Study: Soaring Andean Condors rarely flap their wings

Andean Condor
Andean Condor soaring over mountains in Peru. Photo by Gus Martinie/Shutterstock

New research has revealed when it comes to flying, the largest of birds don’t rely on flapping to move around. Instead they make use of air currents to keep them airborne for hours at a time.

The Andean Condor — the world’s heaviest soaring bird which can weigh in at up to 33 pounds (15kg) — flaps its wings for one percent of its flight time.

The study is part of a collaboration between Emily Shepard of Swansea University and Sergio Lambertucci in Argentina. They use high-tech flight recorders on the condors. The devices log every wingbeat and twist and turn in flight as condors search for food.

The team wanted to find out more about how birds’ flight efforts vary depending on environmental conditions. Their findings will help to improve understanding about large birds’ capacity for soaring and the specific circumstances that make flight costly.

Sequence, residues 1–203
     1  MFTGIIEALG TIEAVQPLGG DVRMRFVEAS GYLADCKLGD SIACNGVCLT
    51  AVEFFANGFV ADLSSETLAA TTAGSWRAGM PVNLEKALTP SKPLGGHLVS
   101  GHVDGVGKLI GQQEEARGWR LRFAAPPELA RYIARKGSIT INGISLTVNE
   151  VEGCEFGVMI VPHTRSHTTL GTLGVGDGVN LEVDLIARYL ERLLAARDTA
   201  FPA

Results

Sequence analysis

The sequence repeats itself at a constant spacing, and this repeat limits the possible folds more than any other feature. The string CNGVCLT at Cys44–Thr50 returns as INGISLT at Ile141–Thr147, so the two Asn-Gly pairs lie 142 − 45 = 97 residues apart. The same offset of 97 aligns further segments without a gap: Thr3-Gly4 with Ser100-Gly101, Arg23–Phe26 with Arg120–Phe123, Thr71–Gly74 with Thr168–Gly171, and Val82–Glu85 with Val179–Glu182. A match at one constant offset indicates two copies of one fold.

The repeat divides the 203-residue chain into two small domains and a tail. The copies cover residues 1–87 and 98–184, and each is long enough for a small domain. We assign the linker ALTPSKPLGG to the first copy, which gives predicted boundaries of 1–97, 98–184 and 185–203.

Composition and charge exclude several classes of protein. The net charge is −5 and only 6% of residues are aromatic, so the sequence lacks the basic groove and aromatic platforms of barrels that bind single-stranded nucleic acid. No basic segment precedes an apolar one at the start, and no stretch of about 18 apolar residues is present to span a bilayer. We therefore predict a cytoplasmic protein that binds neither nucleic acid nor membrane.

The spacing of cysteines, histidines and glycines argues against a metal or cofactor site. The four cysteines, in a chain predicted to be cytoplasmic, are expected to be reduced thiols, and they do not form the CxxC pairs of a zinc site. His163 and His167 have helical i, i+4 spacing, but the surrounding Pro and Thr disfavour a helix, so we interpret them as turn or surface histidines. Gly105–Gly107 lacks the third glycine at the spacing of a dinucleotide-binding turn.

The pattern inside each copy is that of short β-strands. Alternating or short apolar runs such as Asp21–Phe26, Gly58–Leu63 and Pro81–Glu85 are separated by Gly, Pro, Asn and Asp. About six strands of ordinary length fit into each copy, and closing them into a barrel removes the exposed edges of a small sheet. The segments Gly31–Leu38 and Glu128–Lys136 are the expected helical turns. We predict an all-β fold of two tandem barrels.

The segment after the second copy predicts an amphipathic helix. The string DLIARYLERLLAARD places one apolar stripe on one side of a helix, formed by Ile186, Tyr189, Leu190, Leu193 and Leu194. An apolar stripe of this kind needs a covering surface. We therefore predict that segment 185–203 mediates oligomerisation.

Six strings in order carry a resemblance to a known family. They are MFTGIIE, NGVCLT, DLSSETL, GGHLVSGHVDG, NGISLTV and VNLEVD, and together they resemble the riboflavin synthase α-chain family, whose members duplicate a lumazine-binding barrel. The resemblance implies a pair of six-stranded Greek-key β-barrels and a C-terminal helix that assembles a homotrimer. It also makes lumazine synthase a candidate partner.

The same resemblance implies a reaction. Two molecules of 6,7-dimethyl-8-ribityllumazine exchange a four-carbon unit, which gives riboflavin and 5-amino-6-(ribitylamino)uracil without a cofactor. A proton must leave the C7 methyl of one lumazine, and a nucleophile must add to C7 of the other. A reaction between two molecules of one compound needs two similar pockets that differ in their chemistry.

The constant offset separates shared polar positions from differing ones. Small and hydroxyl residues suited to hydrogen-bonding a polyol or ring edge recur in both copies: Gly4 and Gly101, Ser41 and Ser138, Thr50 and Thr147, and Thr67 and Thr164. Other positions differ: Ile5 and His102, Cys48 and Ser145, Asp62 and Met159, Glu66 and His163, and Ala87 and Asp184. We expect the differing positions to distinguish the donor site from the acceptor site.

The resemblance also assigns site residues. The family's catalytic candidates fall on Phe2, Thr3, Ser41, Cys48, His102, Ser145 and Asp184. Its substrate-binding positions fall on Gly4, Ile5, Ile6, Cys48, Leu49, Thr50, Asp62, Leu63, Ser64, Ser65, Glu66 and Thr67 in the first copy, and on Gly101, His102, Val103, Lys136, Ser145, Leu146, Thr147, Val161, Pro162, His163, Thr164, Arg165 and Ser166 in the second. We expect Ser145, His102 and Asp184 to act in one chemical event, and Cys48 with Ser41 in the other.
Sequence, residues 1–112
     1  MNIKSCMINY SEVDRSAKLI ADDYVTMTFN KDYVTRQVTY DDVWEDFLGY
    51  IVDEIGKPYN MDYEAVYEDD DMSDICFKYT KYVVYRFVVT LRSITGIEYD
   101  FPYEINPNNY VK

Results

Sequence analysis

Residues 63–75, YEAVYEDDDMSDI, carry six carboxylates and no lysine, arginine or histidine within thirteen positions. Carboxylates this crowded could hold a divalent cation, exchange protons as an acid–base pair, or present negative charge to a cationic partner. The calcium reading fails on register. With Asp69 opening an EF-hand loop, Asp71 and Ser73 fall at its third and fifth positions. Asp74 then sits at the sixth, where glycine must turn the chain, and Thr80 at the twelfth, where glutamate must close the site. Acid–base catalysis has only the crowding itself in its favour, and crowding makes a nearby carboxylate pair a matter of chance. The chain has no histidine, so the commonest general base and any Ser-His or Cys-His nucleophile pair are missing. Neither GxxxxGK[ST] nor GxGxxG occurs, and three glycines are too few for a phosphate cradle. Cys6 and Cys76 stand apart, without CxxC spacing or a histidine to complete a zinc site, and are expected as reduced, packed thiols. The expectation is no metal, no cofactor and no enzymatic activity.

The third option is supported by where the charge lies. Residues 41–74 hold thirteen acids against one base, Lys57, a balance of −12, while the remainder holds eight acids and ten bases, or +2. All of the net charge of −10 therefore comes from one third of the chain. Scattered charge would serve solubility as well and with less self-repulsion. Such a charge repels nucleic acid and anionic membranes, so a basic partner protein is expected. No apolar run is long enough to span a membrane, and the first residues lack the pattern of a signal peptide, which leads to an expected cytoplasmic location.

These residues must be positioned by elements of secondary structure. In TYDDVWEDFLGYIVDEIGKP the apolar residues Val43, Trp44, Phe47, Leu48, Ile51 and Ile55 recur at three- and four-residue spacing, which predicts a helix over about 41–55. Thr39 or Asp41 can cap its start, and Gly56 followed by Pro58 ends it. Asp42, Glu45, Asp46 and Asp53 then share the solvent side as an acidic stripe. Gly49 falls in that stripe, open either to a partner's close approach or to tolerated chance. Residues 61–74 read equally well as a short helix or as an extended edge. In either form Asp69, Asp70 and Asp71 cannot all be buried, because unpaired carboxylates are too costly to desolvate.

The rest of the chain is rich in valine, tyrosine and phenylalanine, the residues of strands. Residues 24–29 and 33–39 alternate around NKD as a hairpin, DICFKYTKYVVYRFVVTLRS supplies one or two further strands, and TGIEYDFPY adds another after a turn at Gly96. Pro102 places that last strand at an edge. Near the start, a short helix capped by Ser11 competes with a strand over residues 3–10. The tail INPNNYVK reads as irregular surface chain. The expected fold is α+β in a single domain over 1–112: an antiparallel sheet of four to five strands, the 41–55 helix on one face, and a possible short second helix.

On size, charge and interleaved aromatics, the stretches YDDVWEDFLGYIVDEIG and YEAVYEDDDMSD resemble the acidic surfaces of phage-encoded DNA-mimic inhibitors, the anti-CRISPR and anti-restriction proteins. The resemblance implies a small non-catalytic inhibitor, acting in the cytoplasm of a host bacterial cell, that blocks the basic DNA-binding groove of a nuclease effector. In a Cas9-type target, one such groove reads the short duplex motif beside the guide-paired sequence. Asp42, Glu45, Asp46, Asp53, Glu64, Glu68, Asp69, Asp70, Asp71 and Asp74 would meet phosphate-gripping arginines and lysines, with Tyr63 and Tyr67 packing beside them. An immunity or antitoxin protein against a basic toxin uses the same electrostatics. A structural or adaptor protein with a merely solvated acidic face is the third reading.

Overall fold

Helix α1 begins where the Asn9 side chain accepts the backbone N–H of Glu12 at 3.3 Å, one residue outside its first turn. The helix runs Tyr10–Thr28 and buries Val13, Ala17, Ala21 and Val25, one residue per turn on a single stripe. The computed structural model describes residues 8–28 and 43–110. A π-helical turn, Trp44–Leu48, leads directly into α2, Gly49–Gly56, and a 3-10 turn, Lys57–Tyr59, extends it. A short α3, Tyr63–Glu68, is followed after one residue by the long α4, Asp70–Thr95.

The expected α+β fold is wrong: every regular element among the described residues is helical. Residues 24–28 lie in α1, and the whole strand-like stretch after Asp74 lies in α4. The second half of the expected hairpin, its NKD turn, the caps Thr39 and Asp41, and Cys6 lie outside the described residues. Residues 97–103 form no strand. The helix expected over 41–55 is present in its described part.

During the study, the researchers discovered that more than 75 percent of the condors’ flapping was associated with take-off.

However, once in the sky condors can sustain soaring for long periods in a wide range of wind and thermal conditions. One bird managed to clock up five hours without flapping, covering around 172 km or more than 100 miles.

The findings are revealed in a new paper published by Proceedings of the National Academy of Sciences.

“Watching birds from kites to eagles fly, you might wonder if they ever flap,” says coauthor Hannah Williams, now at the Max Planck Institute for Animal Behavior. “This question is important, because by the time birds are as big as condors, theory tells us they are dependent on soaring to get around.

“Our results revealed the amount the birds flapped didn’t change substantially with the weather. This suggests that decisions about when and where to land are crucial, as not only do condors need to be able to take off again, but unnecessary landings will add significantly to their overall flight costs.”

Thanks to Swansea University for providing this news.

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